Once service pre-processing is completed, for example, resource resolution and verification, the worker thread can then invoke the service function, i.e., load and initialize the applicable application components and component interfaces, and can execute the service logic of the application. Errors and exceptions can occur during loading and initializing the application components and interfaces. For example, an application component or interface may not be present, or the component or interface may not initialize, possibly due to the absence of a resource or service that is currently unavailable. In addition, there could be exceptions that occur during service execution, which may be recognized by an unexpected service time. For example, a database connection may be lost, or a user may not be authorized. These and other errors and exceptions are recognized and maintained, as described below.

The operating environment 100 exemplified in FIG. 1 may further include a monitoring tool 130, which typically includes an agent 132 for acting on behalf of an administrator, developer, or other entity monitoring execution of an application such as application 110. The invention is described herein as embodied within the server 102, primarily within the container 104. However, it should be noted that the invention is not so limited. Rather, the invention may be implemented in any type of operating environment and in any type of server or computer system which provides a platform for servicing application service requests, and in which there is interest in monitoring an application executing on such a platform.

Application Service Request and Application Invocation

FIG. 2 is a block diagram illustrating a container 104, in which a method for monitoring an application running on a server can be implemented. The container 104 provides an environment for running applications, that is, it provides the infrastructure, resources, and external resource interface modules that an application requires to execute properly. For example, the container 104 can load the applicable application classes for instantiating and executing a requested application service; it can load database drivers upon an application making a database service request; and it can maintain and administer user sessions during execution of an application. A container 104 may be embodied in a module such as a Java Virtual Machine, but it is not so limited. The components depicted in container 104 include the virtual server 106, the application context manager 108, the application 110, and the runtime components 112, as described in reference to FIG. 1. FIG. 2 embellishes on the application 110 and the runtime components 112.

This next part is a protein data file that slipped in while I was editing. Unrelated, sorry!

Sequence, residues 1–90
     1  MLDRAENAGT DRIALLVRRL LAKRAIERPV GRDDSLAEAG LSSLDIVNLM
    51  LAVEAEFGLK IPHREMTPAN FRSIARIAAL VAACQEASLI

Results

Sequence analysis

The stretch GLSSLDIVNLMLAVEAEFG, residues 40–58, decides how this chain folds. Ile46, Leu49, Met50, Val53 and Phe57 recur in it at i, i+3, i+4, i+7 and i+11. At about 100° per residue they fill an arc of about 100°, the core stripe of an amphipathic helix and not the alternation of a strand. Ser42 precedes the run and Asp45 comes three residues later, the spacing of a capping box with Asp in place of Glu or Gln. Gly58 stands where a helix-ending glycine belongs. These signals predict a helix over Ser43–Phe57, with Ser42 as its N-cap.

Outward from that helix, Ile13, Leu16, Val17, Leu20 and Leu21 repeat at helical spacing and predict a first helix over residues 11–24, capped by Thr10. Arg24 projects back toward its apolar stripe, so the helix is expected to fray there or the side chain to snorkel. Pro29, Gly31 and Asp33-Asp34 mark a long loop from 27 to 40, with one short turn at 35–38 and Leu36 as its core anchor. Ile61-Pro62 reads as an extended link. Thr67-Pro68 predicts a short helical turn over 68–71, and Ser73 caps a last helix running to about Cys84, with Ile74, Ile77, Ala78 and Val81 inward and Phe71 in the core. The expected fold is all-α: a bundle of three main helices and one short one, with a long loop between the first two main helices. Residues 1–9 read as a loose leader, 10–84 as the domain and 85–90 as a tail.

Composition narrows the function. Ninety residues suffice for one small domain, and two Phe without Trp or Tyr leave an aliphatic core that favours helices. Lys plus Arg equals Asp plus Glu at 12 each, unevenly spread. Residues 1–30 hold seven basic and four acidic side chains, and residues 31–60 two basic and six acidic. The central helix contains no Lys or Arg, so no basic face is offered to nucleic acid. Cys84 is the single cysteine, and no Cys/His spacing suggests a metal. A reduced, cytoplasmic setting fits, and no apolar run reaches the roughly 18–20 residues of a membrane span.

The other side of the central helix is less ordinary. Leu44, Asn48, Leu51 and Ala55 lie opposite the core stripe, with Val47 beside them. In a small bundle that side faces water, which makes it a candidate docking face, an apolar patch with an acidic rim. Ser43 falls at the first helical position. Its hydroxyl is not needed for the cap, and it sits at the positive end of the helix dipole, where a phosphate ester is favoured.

Once a user requests an application service, typically by invoking a Uniform Resource Locator (URL) through a browser 122 (FIG. 1) program, the server 102 (FIG. 1) identifies the requested application by mapping the URL to an application context. For example, consider the following URL: http:/Iserver.com/catalog/shoppingservlet. The “server.com” portion of the URL maps to a virtual server 106. The “/catalog/shoppingservlet” is termed request URI (Uniform Resource Identifier). The “catalog” portion of the URL is a context path which maps to an application named “catalog.” The “shoppingservlet” portion of the request URI maps to an application component named “shoppingservlet.” Once the server 102 resolves the URL to the appropriate application context, it can direct the container 104 to service the request, i.e., to invoke the application component identified in the URI. The container 104 provides the runtime, or execution time, environment for running the requested application. Thus, from the mapped request passed from the server 102, the application context manager 108 has the necessary information to deploy an instance of the application. In addition to mapping the URL to a resource, the server 102 performs numerous other tasks before passing control to the container 104, such as resource verification and allocation.